• Honoring Wilma Mankiller, H.Res. 1237. On April 14, 2010, the House approved H.Res. 1237, a resolution honoring the late Wilma Pearl Mankiller, who served three terms as Principal Chief of the Cherokee Nation. Among her many other accomplishments, Ms. Mankiller was a published author, lecturer and strong tribal advocate. She passed away on April 6, 2010.
• RESPECT Act, HR 5023. On April 14, 2010, Representative Grijalva (D-AZ) introduced the Requirements, Expectations, and Standard Procedures for Executive Consultation with Tribes (RESPECT) Act (HR 5023). The bill would have established requirements and guidelines with which federal agencies must comply when engaging in tribal consultation on matters that would have “substantial direct impacts on the lands or interests of one or more Indian tribes, on the relationship between the Federal Government and Indian tribes, or on the distribution of power and responsibilities between the Federal Government and Indian tribes.” Other provisions of the bill addressed the protection of sensitive tribal information, agency recognition of tribal sovereignty, codification of tribal waiver application process, and tribal judicial recourse for agency failure to fulfill their consultation obligations.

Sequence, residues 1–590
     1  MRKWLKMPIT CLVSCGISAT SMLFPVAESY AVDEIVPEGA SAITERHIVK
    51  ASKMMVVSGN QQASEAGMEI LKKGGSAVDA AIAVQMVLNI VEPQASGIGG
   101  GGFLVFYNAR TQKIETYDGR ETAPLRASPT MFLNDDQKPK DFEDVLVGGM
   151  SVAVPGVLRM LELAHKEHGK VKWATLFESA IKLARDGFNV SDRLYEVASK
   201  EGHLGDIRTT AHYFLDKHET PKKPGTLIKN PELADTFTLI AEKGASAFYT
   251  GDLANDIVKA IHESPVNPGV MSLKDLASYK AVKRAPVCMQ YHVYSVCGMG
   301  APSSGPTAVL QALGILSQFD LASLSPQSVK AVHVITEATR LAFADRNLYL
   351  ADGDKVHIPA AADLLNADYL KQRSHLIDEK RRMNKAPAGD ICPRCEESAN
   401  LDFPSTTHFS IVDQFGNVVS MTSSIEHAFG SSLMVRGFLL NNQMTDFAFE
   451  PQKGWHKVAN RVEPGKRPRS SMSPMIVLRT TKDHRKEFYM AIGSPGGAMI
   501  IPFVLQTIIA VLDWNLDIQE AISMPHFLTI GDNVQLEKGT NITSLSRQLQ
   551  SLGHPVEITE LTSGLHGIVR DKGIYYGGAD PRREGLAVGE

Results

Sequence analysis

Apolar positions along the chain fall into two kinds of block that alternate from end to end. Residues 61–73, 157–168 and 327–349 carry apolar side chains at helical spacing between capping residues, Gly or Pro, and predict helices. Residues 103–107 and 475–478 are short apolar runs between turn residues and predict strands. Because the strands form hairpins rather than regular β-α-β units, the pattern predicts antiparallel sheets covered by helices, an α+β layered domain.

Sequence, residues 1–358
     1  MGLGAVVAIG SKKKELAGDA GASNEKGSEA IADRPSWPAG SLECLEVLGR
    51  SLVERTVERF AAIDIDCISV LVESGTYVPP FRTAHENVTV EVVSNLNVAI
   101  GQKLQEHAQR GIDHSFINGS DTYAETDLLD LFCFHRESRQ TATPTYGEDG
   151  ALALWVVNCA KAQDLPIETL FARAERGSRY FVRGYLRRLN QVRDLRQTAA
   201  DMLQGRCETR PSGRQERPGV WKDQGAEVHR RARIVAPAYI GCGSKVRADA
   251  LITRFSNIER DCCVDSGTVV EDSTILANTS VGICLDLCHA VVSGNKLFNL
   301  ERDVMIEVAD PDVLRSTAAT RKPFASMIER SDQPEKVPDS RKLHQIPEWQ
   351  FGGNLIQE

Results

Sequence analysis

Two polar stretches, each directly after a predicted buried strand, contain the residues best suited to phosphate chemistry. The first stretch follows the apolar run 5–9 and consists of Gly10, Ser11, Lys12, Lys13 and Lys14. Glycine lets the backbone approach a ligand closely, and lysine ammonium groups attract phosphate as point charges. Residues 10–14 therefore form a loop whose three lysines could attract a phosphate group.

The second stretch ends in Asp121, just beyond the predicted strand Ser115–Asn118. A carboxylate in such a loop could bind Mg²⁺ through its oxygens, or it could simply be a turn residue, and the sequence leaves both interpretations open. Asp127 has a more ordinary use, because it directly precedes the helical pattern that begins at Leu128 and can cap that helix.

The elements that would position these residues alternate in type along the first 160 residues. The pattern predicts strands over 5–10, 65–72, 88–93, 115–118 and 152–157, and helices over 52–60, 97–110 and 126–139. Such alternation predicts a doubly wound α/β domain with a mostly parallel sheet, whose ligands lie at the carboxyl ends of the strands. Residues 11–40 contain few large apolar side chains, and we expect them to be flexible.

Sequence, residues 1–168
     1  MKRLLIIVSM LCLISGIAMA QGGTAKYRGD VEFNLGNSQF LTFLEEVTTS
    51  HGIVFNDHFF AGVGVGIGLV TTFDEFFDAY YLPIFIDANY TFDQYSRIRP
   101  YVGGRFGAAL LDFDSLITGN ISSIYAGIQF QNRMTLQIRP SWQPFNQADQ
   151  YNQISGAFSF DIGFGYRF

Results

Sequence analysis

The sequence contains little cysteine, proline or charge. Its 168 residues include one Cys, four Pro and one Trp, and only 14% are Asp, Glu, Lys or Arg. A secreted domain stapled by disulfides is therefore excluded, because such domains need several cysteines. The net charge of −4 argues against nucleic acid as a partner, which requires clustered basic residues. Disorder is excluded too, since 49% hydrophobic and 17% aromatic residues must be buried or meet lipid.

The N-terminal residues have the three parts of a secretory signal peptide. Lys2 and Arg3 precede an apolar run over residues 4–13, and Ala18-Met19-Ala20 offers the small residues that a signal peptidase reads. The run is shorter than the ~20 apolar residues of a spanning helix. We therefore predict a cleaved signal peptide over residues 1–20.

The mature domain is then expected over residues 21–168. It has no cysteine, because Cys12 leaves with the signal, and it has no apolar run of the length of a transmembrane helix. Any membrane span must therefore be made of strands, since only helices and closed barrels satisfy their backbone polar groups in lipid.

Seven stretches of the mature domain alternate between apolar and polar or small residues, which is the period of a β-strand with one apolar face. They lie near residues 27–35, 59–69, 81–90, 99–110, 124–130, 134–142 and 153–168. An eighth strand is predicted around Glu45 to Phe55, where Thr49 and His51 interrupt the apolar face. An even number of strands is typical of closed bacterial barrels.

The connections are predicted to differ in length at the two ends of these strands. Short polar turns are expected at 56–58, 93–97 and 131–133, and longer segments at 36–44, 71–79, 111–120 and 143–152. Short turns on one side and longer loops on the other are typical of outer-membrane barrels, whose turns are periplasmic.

Please let us know if we may provide additional information regarding legislation or other matters reported on in this Memorandum.